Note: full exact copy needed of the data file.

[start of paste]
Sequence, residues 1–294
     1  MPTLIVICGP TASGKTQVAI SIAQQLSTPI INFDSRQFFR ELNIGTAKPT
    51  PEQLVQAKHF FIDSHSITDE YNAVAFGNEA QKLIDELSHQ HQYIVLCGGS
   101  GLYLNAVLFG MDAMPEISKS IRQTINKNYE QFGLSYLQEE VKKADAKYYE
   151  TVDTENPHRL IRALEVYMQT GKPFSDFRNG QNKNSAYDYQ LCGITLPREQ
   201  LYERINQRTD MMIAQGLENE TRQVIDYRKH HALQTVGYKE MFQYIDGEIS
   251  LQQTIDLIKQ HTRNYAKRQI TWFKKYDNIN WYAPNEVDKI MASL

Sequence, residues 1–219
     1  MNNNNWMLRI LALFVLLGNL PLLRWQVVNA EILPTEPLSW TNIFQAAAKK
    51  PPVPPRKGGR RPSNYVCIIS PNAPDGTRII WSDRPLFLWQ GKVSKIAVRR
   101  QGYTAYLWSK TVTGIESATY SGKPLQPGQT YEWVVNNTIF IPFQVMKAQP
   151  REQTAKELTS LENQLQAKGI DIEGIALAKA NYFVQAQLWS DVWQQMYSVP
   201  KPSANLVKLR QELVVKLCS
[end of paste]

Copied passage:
Sequence, residues 1–294
     1  MPTLIVICGP TASGKTQVAI SIAQQLSTPI INFDSRQFFR ELNIGTAKPT
    51  PEQLVQAKHF FIDSHSITDE YNAVAFGNEA QKLIDELSHQ HQYIVLCGGS
   101  GLYLNAVLFG MDAMPEISKS IRQTINKNYE QFGLSYLQEE VKKADAKYYE
   151  TVDTENPHRL IRALEVYMQT GKPFSDFRNG QNKNSAYDYQ LCGITLPREQ
   201  LYERINQRTD MMIAQGLENE TRQVIDYRKH HALQTVGYKE MFQYIDGEIS
   251  LQQTIDLIKQ HTRNYAKRQI TWFKKYDNIN WYAPNEVDKI MASL

Sequence, residues 1–219
     1  MNNNNWMLRI LALFVLLGNL PLLRWQVVNA EILPTEPLSW TNIFQAAAKK
    51  PPVPPRKGGR RPSNYVCIIS PNAPDGTRII WSDRPLFLWQ GKVSKIAVRR
   101  QGYTAYLWSK TVTGIESATY SGKPLQPGQT YEWVVNNTIF IPFQVMKAQP
   151  REQTAKELTS LENQLQAKGI DIEGIALAKA NYFVQAQLWS DVWQQMYSVP
   201  KPSANLVKLR QELVVKLCS